Fruit is a key produce of provinces around the Mekong Delta. However, small-scale production and poor links from production to purchase, from process to export, are hindering the development of orchards, attendees heard at a workshop held yesterday in the Mekong Delta province of Long An.
According to the Ministry of Agriculture and Rural Development, the southern provinces have an area of 596,330ha of fruit trees, accounting for 60 per cent of orchards nationwide. Their annual productivity has reached over 6.6 million tonnes, accounting for 67 per cent of the country. Productivity has risen 61 per cent against that of 2010.
Due to scattered production, it is difficult for investors to pour capital into developing infrastructure, setting up links in production and controlling product quality. There are 71 fruit processing facilities in the southern provinces but most of them are lacking material.
According to Cao Văn Hóa, deputy director of Tiền Giang province’s Department of Agriculture and Rural Development, Tiền Giang Province has increased its fruit growing area to over 77,700ha last year, up 9,000ha against 2013.
Its productivity has reached 1.5 trillion tonnes, an increase of 0.34 tonnes compared with 2013. However, the development of orchards has not been as expected.
Hóa blamed small scale production and lack of connectivity in terms of investment and techniques. Climate change was also a matter of concern. Thus, he said, great support from the Government was needed.
Addressing the workshop, Trương Cảnh Tuyên, vice chairman of Hậu Giang Province People’s Committee, said the management of seedlings faced difficulties due to the lack of legal documents on granting of licences for individuals and organisations who took part in the production or trading of industrial crops and perennial fruit trees.
The cultivation of fruit trees with seedlings with unclear origin has led to an increase in plant diseases, affecting the production of farmers, he said.
Phạm Văn Cảnh, vice chairman of Long An Province People’s Committee, proposed concerned agencies to push up trade promotion in domestic and foreign markets, providing more information on market price and science and technology to serve farmers’ production. More support should be given to the study and creation of dragon fruit varieties with a view to diversify the production and measures to prevent insects on this kind of fruit.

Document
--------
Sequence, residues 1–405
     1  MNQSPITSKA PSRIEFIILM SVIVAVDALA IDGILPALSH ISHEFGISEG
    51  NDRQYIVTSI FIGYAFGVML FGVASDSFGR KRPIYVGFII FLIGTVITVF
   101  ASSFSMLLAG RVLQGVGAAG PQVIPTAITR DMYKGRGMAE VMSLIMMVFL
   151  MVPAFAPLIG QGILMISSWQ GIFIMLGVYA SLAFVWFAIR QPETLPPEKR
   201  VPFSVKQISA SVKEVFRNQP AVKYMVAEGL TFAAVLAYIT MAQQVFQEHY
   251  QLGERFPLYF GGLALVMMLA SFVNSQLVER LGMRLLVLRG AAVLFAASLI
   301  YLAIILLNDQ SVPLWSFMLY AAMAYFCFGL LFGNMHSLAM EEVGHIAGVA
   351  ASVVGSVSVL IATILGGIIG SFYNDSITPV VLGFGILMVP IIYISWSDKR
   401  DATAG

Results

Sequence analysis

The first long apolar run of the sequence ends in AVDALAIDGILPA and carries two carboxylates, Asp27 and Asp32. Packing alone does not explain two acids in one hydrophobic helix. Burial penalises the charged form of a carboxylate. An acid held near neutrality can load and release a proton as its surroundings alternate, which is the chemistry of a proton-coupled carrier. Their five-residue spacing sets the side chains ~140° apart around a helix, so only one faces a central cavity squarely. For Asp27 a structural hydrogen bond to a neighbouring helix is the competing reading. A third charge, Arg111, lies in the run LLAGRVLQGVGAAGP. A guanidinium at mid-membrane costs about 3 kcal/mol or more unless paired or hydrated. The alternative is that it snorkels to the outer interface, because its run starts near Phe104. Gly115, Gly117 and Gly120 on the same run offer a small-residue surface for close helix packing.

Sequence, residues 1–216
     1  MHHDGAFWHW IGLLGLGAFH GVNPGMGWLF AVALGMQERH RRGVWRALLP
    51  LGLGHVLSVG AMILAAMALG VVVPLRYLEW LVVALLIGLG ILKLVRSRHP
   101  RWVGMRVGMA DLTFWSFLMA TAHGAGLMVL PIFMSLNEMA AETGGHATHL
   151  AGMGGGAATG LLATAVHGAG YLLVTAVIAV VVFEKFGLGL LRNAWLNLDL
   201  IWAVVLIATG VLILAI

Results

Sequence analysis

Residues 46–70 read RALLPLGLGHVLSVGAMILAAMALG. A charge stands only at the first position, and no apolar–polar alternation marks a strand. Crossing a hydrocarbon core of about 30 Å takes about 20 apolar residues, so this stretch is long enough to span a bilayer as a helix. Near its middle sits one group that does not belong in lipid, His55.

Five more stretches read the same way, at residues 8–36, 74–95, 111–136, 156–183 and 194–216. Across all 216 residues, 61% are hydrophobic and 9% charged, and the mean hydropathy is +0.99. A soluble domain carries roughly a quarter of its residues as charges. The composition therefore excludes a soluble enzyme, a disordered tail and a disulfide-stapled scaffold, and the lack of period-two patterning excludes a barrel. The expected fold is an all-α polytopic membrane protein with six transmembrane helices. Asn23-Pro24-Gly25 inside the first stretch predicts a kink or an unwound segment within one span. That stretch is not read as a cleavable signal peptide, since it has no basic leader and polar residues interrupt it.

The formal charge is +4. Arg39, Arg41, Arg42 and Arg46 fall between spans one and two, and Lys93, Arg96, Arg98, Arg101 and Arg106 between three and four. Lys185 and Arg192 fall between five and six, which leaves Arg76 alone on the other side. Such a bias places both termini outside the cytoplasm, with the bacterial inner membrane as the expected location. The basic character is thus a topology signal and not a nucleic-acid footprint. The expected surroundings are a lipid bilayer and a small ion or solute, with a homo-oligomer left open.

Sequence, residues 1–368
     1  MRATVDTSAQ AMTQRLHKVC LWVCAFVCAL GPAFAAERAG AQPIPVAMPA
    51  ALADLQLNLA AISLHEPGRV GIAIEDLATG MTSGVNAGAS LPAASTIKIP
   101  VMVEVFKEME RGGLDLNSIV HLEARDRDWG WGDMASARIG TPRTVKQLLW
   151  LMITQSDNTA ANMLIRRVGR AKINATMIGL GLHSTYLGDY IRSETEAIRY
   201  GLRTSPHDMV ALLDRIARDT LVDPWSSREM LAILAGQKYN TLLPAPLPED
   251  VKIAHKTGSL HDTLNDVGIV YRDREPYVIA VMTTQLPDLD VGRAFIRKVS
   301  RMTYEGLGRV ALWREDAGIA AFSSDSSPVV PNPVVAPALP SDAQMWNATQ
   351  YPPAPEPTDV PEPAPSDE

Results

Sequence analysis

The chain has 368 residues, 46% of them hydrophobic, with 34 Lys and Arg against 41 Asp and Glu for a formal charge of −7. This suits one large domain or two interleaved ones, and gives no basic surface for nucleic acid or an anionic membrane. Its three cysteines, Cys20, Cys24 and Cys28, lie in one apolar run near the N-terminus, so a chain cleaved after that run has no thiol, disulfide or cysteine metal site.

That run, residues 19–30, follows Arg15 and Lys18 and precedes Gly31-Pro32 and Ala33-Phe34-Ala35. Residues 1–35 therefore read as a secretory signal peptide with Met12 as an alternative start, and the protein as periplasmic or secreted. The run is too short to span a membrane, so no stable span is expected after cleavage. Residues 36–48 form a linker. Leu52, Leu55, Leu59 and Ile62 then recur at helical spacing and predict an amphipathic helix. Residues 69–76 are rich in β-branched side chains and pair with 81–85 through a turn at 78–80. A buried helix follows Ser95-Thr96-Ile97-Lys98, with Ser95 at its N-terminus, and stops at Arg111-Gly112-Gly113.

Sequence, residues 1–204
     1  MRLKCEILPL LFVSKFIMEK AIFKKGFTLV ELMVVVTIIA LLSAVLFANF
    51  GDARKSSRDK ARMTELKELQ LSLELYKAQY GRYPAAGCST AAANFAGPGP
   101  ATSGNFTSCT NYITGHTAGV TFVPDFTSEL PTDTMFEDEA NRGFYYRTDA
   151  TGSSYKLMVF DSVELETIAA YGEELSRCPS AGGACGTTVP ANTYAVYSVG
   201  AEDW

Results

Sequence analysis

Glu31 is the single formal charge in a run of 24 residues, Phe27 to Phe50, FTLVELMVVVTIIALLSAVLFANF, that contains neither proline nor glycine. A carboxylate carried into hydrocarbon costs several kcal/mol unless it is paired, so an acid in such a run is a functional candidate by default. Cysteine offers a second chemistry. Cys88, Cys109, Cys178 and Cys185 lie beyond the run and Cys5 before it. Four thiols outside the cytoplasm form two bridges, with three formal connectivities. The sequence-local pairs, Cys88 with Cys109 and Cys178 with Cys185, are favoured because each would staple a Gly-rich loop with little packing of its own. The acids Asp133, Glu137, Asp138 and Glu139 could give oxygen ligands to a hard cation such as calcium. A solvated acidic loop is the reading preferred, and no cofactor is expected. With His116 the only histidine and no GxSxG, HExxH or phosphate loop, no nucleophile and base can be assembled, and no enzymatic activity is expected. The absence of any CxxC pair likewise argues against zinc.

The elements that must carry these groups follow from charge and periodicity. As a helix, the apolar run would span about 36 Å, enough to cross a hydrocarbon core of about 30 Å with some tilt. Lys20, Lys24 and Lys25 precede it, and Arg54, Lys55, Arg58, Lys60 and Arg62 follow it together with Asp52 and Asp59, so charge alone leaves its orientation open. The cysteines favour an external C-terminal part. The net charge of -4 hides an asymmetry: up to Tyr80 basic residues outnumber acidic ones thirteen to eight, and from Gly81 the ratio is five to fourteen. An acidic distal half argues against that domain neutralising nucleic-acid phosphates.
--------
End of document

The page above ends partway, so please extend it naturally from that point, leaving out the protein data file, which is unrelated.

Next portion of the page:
Participants at the workshop agreed that building a large-scale and high quality fruit tree growing area is an urgent matter.
To reach the ministry’s target of achieving fruit export value of over US$3.6 billion by 2020, it was necessary to set up projects and plans for the development of key fruit trees with priority given to market factors, especially large markets, said Lê Quốc Doanh, Deputy Minister of Agriculture and Rural Development.
Each province and city should establish concentrated planting areas for certain key fruit trees and develop product chains for those fruits.
He said that farmers should be encouraged to collaborate with each other towards forming cooperatives or production groups whose role was connecting farmers with enterprises who would purchase their products.
The ministry had directed localities to promptly make plans for the cultivation of 5 key fruits namely dragon fruits, mango, rambutan, durian and longan, Doanh said.
They were also requested to promote trade promotion relating to fruits in big markets to increase consumption.
More support should be paid to enterprises and localities in building brands and geographical indication registration as well as obstacles relating to market accession need to be solved so that more and more fruit will be exported in the near future, he said.